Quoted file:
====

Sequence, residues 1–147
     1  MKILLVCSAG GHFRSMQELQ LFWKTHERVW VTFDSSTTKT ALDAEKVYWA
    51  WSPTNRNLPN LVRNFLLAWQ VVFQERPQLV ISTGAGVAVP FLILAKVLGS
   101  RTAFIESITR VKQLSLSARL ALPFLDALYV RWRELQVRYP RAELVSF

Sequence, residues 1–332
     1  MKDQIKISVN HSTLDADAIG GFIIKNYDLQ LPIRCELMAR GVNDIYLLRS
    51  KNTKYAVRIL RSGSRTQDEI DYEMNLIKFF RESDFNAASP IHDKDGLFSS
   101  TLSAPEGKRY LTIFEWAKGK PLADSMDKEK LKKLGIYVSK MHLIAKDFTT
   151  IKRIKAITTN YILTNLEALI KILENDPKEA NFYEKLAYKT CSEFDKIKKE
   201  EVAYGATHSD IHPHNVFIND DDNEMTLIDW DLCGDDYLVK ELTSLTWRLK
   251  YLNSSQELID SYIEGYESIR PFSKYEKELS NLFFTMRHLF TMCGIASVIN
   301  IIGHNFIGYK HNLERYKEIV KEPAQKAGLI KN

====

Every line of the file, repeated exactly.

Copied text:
Sequence, residues 1–147
     1  MKILLVCSAG GHFRSMQELQ LFWKTHERVW VTFDSSTTKT ALDAEKVYWA
    51  WSPTNRNLPN LVRNFLLAWQ VVFQERPQLV ISTGAGVAVP FLILAKVLGS
   101  RTAFIESITR VKQLSLSARL ALPFLDALYV RWRELQVRYP RAELVSF

Sequence, residues 1–332
     1  MKDQIKISVN HSTLDADAIG GFIIKNYDLQ LPIRCELMAR GVNDIYLLRS
    51  KNTKYAVRIL RSGSRTQDEI DYEMNLIKFF RESDFNAASP IHDKDGLFSS
   101  TLSAPEGKRY LTIFEWAKGK PLADSMDKEK LKKLGIYVSK MHLIAKDFTT
   151  IKRIKAITTN YILTNLEALI KILENDPKEA NFYEKLAYKT CSEFDKIKKE
   201  EVAYGATHSD IHPHNVFIND DDNEMTLIDW DLCGDDYLVK ELTSLTWRLK
   251  YLNSSQELID SYIEGYESIR PFSKYEKELS NLFFTMRHLF TMCGIASVIN
   301  IIGHNFIGYK HNLERYKEIV KEPAQKAGLI KN